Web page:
I brought Double Dragon III quite cheap at some point in my childhood, thinking it would “be like Streets of Rage”, a series I loved to death. Sadly, I was wrong, as Double Dragon III is … not good, or at least not the Mega Drive port anyway. It’s slow, unresponsive and not very pretty to look at, and it didn’t take long for me and my friends to head straight back to SoR2. Did I not give it a fair shake, or was I bang on the money? Let’s find out…
Calmly ignoring the bikers jumping behind him, Billy looks both ways before crossing the road.
Double Dragon III was originally released in Arcades, as they all are, and while a “not at all like it” port was released on the NES like the previous game I reviewed, this Mega Drive port was a much more faithful one, by all accounts (with the exception of only being 2-player simultaneous, compared to the Arcade’s three). It was released in North America in November 1990 and Japan two months later. Can’t find info on the European release, but since I had a copy and no way of playing imports back then, it presumably had one!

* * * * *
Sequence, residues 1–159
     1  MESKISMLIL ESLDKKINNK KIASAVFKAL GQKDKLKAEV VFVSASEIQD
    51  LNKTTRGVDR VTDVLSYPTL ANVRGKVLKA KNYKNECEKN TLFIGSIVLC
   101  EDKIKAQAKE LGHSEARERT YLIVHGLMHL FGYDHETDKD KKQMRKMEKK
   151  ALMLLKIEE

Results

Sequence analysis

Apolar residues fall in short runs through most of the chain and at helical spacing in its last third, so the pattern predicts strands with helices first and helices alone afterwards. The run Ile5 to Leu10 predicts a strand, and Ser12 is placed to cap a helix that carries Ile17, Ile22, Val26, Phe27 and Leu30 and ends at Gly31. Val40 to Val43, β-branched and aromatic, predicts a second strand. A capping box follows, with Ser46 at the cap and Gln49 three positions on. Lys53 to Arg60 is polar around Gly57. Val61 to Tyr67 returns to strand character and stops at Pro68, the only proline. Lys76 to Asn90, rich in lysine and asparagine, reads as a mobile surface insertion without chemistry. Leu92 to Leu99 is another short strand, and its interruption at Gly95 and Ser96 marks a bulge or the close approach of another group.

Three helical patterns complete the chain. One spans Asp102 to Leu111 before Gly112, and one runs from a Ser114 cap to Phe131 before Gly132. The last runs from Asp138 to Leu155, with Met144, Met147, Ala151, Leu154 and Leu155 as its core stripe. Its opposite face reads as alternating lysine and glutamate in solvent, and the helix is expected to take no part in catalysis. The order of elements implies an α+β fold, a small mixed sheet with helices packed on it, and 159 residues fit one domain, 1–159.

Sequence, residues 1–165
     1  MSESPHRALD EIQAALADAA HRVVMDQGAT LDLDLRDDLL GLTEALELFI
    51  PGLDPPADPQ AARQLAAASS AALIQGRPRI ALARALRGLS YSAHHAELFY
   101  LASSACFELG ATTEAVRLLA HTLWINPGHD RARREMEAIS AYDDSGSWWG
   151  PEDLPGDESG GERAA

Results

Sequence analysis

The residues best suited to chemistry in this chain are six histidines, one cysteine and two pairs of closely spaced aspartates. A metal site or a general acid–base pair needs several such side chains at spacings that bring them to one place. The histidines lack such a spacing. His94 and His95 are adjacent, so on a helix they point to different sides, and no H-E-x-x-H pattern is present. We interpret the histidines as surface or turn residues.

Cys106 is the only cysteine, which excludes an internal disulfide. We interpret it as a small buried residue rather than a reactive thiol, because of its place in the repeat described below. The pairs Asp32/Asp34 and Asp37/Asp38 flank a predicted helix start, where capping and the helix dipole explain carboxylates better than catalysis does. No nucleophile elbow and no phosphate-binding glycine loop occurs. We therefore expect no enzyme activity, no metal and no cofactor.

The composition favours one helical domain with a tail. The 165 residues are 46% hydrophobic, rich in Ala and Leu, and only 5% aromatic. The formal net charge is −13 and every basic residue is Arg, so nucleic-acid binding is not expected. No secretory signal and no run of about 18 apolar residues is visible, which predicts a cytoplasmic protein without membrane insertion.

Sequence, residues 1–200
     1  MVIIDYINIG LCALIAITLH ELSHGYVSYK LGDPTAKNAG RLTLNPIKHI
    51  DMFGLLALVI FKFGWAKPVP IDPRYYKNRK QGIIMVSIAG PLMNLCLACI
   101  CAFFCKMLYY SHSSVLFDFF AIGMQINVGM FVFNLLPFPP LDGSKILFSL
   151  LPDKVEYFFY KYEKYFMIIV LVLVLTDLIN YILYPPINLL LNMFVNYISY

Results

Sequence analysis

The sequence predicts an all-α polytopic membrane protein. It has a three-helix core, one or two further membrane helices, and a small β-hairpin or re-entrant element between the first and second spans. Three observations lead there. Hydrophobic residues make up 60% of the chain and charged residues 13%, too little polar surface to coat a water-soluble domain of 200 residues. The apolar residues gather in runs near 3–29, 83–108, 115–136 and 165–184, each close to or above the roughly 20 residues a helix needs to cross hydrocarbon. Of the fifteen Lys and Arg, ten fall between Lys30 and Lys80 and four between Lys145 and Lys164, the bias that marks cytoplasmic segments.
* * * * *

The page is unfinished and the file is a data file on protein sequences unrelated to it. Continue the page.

If only these guys breathed fire like any self-respective overweight scrolling beat ’em up enemy would, the game would score another “point”.
At its heart Double Dragon III is still very much a Double Dragon game, though will no NES-forced platforming sections (though a level full of archers, which is just as annoying, frankly!). You can punch, kick, jumping strike, running strike and grab people for throws or a close kick (rather than the old “knees-to-the-face” combo). You have some special moves as well, though a lot of them have to be brought at the shops that appear at the start of several levels, making this game feel like a cross between the first two games in this weekly feature! Sadly (in a way…) nearly all bosses can be defeated by grabbing, doing a handstand on their heads, kicking them to the floor and then jumping on their bodies. Rinse and repeat. I wish I knew that back in the day, then maybe I could’ve gotten further than Bruce Lee at the Great Wall of China (weird sentence…)